Amgen ($AMGN) profits beat analyst expectations. And its sales grew by 11% in the fourth quarter. That's a feat, considering some of its biggest products--the anemia drugs Epogen and Aranesp--continue to slip on safety concerns. But don't get too terribly excited: Price changes accounted for a significant chunk of that sales growth.
Epogen lost ground to a new rival from Affymax ($AFFY), its first-ever direct competition. The drug's sales dropped by 1% to $479 million. The slippage would have been worse, Dow Jones notes, without a drop in the discounts Amgen pays to the dialysis centers that are its key Epogen customers. Aranesp, Epogen's sister drug for anemia in cancer patients, suffered a 9% drop in sales to $489 million.
Meanwhile, Neulasta and Neupogen, two of Amgen's other mainstays, also faded a bit, thanks to biosimilar competition in Europe, Dow Jones notes. Their combined sales fell by 1% to $1.3 billion.
So, how did the company's revenues grow? Its new bone drugs Xgeva and Prolia racked up gains, doubling sales year-over-year. Sensipar, an oral drug used in kidney patients, grew by 19% to $256 million.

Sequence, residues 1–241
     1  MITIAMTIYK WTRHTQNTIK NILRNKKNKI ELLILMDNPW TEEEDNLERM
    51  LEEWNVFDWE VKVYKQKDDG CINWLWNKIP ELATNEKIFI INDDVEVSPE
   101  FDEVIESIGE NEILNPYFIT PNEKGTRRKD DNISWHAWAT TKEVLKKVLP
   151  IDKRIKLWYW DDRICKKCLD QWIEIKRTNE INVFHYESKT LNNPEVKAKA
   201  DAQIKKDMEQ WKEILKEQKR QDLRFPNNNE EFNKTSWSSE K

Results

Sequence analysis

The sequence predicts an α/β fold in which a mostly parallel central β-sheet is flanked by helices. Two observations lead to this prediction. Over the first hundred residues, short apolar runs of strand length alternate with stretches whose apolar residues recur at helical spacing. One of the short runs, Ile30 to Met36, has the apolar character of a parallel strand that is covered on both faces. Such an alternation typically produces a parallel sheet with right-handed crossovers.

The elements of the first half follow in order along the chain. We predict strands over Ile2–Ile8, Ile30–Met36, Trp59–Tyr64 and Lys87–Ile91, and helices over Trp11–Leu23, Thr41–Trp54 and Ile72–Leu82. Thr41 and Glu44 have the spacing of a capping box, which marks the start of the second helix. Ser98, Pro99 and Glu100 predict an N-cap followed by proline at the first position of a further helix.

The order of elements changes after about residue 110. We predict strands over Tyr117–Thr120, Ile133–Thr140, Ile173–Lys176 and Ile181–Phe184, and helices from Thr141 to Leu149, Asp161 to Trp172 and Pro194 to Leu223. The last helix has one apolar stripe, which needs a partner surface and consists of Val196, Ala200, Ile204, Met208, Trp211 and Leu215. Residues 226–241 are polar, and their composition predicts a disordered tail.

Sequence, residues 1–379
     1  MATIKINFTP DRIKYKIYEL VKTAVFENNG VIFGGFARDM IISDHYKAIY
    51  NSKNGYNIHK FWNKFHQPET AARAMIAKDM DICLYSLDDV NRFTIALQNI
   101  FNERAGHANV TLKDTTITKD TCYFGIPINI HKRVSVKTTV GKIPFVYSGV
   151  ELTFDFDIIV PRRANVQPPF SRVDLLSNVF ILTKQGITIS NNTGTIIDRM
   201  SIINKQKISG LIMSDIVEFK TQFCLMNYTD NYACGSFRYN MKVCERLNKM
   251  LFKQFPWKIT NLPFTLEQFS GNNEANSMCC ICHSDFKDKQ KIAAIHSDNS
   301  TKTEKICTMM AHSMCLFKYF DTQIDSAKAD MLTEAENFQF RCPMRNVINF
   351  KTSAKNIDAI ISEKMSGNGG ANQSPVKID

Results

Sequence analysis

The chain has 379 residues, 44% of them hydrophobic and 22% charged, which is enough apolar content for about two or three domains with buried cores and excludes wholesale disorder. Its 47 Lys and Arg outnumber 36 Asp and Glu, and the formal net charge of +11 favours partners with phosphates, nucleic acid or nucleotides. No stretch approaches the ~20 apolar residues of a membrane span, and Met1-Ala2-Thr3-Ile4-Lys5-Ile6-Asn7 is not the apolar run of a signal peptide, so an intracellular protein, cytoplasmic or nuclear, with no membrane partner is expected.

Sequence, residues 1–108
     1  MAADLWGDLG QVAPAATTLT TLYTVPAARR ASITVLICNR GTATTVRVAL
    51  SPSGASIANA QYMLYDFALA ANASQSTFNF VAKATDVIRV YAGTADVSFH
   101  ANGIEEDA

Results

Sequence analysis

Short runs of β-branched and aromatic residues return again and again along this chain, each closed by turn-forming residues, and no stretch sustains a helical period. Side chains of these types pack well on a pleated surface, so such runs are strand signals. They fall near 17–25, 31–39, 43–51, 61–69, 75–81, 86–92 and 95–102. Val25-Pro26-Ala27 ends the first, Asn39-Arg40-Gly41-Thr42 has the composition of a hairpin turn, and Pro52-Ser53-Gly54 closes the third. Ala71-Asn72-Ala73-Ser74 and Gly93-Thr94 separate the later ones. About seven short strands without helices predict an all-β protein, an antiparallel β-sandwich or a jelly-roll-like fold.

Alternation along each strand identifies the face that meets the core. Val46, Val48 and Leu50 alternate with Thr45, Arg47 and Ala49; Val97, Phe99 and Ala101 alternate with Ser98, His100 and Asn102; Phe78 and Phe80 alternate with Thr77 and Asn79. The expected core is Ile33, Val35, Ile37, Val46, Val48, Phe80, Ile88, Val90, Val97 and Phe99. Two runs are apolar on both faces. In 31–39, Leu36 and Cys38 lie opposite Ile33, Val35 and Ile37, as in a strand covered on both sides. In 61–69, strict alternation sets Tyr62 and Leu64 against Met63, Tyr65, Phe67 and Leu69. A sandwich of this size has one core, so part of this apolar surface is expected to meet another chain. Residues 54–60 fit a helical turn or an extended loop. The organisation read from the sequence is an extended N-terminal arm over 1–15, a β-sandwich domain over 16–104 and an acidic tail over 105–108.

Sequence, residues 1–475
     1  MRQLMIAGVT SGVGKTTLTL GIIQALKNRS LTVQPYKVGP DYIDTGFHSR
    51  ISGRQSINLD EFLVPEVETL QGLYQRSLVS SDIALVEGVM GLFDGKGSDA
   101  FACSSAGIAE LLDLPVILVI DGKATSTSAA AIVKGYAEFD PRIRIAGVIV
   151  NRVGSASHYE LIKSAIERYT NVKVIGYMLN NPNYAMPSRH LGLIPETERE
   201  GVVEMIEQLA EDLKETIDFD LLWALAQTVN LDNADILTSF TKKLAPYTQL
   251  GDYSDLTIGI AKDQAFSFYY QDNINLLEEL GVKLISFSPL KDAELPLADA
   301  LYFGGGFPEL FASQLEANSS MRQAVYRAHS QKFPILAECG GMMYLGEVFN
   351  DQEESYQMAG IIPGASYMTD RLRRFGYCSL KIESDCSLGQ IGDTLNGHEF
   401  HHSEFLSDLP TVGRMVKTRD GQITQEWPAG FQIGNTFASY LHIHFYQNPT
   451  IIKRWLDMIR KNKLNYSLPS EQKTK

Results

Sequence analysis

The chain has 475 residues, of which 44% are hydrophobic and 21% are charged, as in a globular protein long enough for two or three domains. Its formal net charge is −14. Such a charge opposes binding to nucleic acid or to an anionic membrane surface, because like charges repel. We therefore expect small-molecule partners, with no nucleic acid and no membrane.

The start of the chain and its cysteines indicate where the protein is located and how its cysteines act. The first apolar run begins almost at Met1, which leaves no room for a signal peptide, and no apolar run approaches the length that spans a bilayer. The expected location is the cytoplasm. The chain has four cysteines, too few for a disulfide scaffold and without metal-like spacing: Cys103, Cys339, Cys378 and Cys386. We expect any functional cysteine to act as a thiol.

But it was Enbrel, the anti-inflammatory for psoriasis and rheumatoid arthritis, that delivered the most growth in absolute terms. Percentage-wise, Enbrel sales increased 23%, to $1.16 billion. That's a $250 million hike, just for the quarter. New pricing fueled more than half of that; Baird analyst Christopher Raymond counts three price increases of about 7% each since the beginning of last year (one of those in early 2013, though). "Clearly that strategy is bearing fruit," Raymond told Dow Jones.
Some analysts are less than sanguine about Amgen's near-term prospects, the news service notes. And RBC Capital's Michael Yee tells Bloomberg that 2013 will be "a less exciting year" for Amgen, compared with 2012's "out-performance."